I wish to make known something that is not generally appreciated by hon. Members.
In 1968, shortly after I was elected, I won first place in the ballot for private Members' motions and chose as a subject for debate the protection of the pension rights of early leavers. Mr. Speaker King, as he then was, asked me to talk to him before I made my maiden speech. I was glad to do that for the benefit of his advice. I told him that I had suffered the loss of my pension rights after 14 years' service in the company in which I was first employed. In exchange I had received only a small return on my contribution. I told Mr. Speaker King that, in due course, I hoped to be able to persuade the House to amend the law in relation to the rights of early leavers so that early leavers received fair compensation for their pension rights. Unfortunately, I have not yet been successful in that.
Mr. Speaker King told me that his circumstances were worse than mine. At the time of his election he had completed nearly 20 years' service and contributions to the teachers' pension fund. However, because he had not quit; completed those 20 years' service when he was elected to the House. he lost the whole of the benefit of those years of service. I believe that circumstances would be different now. However, I recall very well the statement he made to me as to his personal loss when he became a Member of the House.
I suggest that that is a particular reason why the House should view with sympathy the circumstances of Lord Maybray-King and make suitable provision for his surviving spouse.
The nature of this evening's debate and indeed all other debates on pensions have shown us all how complicated pensions matters are. That applies to all previous debates on pensions. In those circumstances, and in view of the fact that I shall not be returning to the next Parliament, that demonstrates the difficulties of administering the scheme.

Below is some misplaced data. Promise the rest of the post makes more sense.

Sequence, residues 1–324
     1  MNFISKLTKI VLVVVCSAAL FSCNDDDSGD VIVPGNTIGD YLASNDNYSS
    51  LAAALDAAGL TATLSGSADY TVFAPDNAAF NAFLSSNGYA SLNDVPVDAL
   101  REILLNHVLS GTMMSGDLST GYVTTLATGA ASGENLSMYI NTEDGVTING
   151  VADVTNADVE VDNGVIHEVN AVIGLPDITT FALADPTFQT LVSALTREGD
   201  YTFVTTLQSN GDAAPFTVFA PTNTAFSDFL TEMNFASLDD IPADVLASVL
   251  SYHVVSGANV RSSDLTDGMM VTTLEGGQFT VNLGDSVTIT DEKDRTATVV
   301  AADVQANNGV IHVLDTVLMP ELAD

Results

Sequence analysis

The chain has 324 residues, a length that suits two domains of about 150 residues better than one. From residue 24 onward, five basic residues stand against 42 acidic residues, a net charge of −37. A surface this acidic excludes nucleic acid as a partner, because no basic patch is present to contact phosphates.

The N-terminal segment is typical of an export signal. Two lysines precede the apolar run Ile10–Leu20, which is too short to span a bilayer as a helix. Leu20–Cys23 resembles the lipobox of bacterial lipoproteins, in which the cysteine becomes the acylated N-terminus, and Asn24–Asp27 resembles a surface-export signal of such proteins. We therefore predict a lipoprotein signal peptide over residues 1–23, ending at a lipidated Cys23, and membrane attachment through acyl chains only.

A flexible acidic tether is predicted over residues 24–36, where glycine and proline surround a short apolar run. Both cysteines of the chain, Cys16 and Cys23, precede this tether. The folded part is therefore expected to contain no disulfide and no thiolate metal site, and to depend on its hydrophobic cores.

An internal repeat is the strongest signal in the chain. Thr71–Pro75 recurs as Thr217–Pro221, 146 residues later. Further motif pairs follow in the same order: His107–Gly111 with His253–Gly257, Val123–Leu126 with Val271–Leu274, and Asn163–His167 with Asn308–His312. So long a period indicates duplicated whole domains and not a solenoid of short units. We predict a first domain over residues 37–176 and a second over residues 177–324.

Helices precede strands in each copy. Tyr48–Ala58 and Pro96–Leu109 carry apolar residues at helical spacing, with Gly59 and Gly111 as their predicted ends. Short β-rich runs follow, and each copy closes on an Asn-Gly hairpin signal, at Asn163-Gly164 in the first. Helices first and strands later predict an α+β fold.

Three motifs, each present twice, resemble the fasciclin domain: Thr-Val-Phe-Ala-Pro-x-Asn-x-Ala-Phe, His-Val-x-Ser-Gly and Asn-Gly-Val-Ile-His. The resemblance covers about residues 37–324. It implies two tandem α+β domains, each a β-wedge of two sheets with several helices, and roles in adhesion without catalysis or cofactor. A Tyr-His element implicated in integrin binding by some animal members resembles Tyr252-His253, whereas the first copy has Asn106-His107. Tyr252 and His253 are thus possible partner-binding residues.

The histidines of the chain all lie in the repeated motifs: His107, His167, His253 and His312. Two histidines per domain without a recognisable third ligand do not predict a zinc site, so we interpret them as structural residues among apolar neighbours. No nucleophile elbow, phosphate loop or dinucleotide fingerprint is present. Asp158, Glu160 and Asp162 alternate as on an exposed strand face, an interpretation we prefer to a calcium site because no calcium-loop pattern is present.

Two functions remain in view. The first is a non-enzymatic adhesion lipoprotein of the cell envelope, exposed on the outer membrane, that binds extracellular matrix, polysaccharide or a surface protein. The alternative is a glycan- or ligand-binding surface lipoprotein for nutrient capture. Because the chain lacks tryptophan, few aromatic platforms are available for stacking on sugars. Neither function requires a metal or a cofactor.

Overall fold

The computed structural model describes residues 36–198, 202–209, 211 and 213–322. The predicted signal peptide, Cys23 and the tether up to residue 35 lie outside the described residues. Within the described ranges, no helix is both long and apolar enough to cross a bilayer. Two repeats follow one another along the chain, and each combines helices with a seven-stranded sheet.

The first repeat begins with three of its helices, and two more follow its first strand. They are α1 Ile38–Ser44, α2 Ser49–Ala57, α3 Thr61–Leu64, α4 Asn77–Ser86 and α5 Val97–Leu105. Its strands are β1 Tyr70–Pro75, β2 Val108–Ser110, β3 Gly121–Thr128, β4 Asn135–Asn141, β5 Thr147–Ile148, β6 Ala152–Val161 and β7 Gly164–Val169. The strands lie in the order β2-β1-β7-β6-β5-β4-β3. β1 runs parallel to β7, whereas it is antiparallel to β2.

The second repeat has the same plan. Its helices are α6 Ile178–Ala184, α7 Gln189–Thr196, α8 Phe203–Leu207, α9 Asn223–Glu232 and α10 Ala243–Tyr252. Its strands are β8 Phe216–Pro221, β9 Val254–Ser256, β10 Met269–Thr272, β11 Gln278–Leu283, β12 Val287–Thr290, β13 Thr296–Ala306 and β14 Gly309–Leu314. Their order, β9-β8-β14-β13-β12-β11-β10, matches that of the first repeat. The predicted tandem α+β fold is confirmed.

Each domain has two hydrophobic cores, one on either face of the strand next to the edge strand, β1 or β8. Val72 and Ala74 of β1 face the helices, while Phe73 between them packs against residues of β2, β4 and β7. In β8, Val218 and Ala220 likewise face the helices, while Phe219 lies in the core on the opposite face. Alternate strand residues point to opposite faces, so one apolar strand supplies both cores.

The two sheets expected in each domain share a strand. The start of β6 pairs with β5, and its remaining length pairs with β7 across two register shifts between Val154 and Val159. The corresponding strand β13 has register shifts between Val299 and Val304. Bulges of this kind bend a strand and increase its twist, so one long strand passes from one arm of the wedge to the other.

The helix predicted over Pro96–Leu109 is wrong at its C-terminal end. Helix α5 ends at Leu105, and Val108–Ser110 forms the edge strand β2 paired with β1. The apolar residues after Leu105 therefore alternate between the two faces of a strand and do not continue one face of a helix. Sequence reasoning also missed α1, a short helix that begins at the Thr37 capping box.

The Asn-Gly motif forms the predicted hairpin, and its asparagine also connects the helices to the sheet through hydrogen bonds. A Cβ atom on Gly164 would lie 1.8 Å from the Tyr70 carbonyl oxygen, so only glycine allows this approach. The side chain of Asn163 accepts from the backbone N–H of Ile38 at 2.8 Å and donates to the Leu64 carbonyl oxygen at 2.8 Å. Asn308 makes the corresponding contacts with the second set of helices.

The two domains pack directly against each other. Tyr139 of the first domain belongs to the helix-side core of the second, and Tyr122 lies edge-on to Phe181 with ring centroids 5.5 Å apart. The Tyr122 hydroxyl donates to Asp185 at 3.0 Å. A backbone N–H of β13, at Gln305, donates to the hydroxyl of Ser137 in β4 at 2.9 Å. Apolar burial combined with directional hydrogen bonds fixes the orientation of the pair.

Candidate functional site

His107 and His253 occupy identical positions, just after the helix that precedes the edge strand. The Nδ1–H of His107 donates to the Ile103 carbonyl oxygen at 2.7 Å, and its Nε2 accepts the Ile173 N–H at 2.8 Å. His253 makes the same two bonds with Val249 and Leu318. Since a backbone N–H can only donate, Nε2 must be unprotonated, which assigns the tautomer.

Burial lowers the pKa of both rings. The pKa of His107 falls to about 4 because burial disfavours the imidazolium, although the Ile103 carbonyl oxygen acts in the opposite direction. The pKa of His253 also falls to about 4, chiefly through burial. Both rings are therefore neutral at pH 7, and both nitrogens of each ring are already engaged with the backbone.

Tonight, I should like to pay tribute to the accountant, Mr. Dobson, his deputy, Mr. Lewis, and all the staff of the Fees Office for the splendid way in which they administer the scheme. If I may stray slightly out of order, that praise is not only for the way in which they administer the fund but for the way they deal with Members' allowances, expenses, and so on.
I know I speak for the whole House when I say that the service we receive from the Fees Office is extremely efficient. We receive unfailing courtesy from all the members of the Fees Office. It gives me great pleasure to place that tribute on record tonight.
I am sure that the whole House will wish to endorse the generous sentiments that my hon. Friend the Member for Easington (Mr. Dormand) has expressed in relation to the work that the Fees Office does on the complicated matter of the parliamentary pensions fund. I think it is also right for me to thank my hon. Frienf for his intervention and to say how greatly we shall miss him in the future. Tonight, we have listened to him with interest, as we have listened over many years to his many remarkable contributions to the proceedings of the House.